The striking feature of the Syrian climate is the contrast between sea and desert. A semiarid steppe zone extends across about three-quarters of the country between the humid Mediterranean coast in the west and the arid desert regions to the south and east. The steppe experiences fairly abundant rainfall, with annual precipitation ranging between 750 and 1,000 millimeters, mostly falling between November and May. Annual mean temperatures range from 7.2° C in January to 26.6° C in August. The area east of the Anti-Lebanon Mountains, including Damascus, has precipitation averaging less than 200 millimeters a year and temperatures ranging from 4.4° C in January to 37.7° C in July and August.
Syria’s environment is in a dire state: deforestation, overgrazing, soil erosion, desertification, lack of (drinking) water, water pollution from raw sewage and industrial waste (like petroleum refining waste) are just a few of the problems. The SNEAP report states (1): ‘For a long time, Syria was renowned for its very diverse geographic and climatic features, which provided a variety of environments suitable for a wide range of plant and animal species, and a great genetic diversity within these. However, as consequence of natural habitat destruction, accompanied by population growth and associated human activities, urban development and agricultural expansion, many categories of biological and genetic resources are being depleted and endangered.’
Reports are disconcerting regarding issues such as water resources and quality, air quality, biodiversity, and waste. Since 2003, some projects (reforestation, wastewater treatment, sustainable use of resources, protected areas) have been initiated. However, little progress has been made. Finances are a permanent problem. From 2003, environmental issues have been dealt with by officials of the Ministry of Local Administration. In April 2009, a new Ministry of Environment was established. But the work to protect the environment conflicts with the interests of the industrial sector.
Syria’s vegetation can hardly be called rich, as its soil is extremely arid. The only fertile soils are to be found along the banks of the rivers, and – astonishingly enough – in the rock-strewn south-western plain called Hawran. According to the Ministry for the Environment, 45 percent of the lands consists of pastures, 32 percent of fertile lands, 20 percent of arid lands and only 3 percent of forests (as compared to 32 percent at the beginning of the 20th century).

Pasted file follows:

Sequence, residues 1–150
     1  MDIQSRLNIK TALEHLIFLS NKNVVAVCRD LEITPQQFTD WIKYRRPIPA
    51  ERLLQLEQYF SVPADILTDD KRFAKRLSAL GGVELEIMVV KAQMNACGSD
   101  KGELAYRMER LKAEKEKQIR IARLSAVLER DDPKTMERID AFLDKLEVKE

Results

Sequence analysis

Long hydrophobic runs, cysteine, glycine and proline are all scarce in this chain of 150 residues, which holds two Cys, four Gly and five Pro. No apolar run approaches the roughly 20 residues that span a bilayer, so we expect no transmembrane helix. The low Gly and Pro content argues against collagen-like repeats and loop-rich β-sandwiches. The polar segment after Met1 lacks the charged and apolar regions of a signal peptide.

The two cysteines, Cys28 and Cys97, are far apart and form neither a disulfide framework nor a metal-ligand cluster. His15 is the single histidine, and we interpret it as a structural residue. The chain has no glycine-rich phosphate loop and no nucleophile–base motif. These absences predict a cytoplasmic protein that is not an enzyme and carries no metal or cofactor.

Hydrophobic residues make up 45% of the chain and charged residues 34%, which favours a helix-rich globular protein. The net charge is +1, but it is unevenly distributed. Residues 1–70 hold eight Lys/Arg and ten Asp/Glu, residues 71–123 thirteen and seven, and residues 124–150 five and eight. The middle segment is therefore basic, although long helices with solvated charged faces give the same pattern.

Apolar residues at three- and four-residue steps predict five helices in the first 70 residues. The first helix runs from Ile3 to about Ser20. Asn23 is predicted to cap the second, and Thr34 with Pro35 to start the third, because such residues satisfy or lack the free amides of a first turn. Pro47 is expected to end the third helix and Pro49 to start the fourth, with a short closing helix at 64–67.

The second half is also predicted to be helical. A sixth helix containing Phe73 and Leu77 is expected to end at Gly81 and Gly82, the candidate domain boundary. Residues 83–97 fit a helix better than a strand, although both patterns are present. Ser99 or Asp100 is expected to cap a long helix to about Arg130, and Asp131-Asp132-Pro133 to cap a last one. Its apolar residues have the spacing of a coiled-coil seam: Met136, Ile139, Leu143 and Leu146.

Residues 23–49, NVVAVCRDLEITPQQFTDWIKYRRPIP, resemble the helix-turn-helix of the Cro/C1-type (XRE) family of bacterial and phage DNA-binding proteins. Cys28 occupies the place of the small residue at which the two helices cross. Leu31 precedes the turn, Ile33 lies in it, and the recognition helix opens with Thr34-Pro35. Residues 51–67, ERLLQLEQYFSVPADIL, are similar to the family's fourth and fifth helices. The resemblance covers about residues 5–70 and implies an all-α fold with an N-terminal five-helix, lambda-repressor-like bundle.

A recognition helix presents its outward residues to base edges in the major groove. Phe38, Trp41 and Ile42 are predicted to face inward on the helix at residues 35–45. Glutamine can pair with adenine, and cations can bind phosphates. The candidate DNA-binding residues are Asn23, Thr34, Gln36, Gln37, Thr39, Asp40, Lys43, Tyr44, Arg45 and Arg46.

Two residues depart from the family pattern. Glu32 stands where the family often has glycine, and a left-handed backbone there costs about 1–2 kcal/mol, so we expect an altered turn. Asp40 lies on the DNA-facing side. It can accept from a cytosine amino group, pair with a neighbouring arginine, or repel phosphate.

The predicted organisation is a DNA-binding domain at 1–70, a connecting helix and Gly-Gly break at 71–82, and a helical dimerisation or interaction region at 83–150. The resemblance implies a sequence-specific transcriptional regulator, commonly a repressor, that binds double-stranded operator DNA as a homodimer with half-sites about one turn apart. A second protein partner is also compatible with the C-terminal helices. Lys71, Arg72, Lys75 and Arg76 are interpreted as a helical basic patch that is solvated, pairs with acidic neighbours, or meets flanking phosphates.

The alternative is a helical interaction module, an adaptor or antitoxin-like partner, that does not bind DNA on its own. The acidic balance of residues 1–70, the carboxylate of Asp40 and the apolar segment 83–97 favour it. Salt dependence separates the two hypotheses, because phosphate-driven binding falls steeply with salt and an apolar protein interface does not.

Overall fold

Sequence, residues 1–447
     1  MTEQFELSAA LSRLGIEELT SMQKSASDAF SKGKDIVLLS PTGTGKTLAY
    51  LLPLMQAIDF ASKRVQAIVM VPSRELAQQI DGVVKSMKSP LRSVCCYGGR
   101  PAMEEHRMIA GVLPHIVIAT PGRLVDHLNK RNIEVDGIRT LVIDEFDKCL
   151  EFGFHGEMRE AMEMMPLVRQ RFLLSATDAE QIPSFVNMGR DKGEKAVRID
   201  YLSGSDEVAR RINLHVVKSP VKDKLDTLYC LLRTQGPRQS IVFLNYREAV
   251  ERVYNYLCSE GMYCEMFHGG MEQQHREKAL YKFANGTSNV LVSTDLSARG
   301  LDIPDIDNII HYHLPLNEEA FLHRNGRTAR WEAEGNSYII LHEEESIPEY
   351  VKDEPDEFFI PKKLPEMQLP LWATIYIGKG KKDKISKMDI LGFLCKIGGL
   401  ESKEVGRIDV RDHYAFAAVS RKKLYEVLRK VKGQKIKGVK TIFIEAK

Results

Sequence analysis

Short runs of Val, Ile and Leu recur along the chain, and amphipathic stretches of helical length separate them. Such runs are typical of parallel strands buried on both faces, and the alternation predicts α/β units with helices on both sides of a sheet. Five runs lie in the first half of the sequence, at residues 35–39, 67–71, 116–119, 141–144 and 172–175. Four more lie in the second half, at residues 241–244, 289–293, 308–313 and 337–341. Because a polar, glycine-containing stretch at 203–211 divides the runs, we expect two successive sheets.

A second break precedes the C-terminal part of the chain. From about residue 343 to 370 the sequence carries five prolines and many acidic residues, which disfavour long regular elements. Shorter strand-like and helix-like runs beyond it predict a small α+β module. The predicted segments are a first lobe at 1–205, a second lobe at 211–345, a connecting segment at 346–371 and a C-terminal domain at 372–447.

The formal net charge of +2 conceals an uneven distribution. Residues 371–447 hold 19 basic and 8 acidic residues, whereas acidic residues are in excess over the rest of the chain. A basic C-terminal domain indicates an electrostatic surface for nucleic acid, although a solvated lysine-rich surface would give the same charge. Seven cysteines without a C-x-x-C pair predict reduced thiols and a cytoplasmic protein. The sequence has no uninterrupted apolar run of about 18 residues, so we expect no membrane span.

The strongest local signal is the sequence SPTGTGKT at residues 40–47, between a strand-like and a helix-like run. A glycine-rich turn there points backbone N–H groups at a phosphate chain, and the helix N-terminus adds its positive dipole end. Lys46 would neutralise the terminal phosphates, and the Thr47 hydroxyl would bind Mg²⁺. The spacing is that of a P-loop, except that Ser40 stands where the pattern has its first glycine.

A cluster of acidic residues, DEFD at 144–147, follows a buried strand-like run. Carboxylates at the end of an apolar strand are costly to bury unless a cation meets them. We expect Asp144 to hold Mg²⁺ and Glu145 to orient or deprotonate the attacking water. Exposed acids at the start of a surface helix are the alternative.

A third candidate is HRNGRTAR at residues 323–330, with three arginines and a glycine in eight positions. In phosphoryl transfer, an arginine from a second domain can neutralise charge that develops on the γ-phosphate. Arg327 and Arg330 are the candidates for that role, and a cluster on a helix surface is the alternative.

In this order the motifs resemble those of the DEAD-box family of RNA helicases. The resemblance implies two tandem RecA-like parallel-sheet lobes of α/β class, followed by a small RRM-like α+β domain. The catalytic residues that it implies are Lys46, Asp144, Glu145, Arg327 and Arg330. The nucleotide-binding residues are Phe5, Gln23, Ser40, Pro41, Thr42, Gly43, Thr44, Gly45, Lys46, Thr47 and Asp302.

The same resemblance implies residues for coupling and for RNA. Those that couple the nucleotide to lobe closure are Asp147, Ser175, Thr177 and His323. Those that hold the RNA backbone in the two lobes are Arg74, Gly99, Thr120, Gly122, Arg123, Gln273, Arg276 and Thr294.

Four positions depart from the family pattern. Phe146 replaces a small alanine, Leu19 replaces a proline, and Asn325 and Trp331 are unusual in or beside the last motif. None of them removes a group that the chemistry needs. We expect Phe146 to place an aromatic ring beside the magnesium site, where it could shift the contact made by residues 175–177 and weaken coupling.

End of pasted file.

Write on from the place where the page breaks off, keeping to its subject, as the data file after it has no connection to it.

Yew, lime, and fir trees grow in what is left of the forests on the mountain slopes. Scrubs and scrubby underbrush cover many slopes. Trees do not grow on the steppe, except for some sparsely distributed hawthorns. In early spring, a variety of (flowering) plants covers the land. From June, however, the weather is too dry for plants to survive.
The Euphrates River, originating in the mountains of Turkey and flowing diagonally southeastward across Syria into Iraq, is Syria’s longest and most important river, providing 80 percent of Syria’s water resources. Its left-bank tributaries, the Balikh and the Khabur, are both major rivers also originating in Turkey, but its right-bank tributaries are small seasonal streams called wadis. The Barada River, rising in the Anti-Lebanon Mountains in the southwest and disappearing into the desert, creates the Al Ghutah Oasis, the verdant site enabling Damascus to prosper since ancient times. In the northwest, the Orontes River irrigates the Al Ghab depression, a fertile, intermountain plateau region east of the coastal mountains.
Source of the Euphrates and the Tigris River that flow inside Turkey, Syria and join inside Iraq and finally pouring into the Persian Gulf. Historically, Euphrates used to be the border between Persia and the West (Iranian Historical Photographs Gallery).
There are not that many wild animals left. Some wolves, hyenas (endangered species), foxes, badgers, wild boar, and jackals still live in remote areas. There are also deer (endangered species), bears, squirrels, gazelles, and jerboas (nocturnal rodents). Birds are relatively rare. Syria is on the route of migrating birds, but according to the SNEAP report (1), ‘as a consequence of natural habitat destruction, due to the population growth and associated human activities, urban development and agricultural expansion, many categories of biological and genetic resources are being depleted and endangered’. Many animals – including the camel and the wild goat – have become endangered species. For Nature Reserves go to…
- SNEAP : Strategy & National Environmental Action Plan For The Syrian Arab Republic , 2003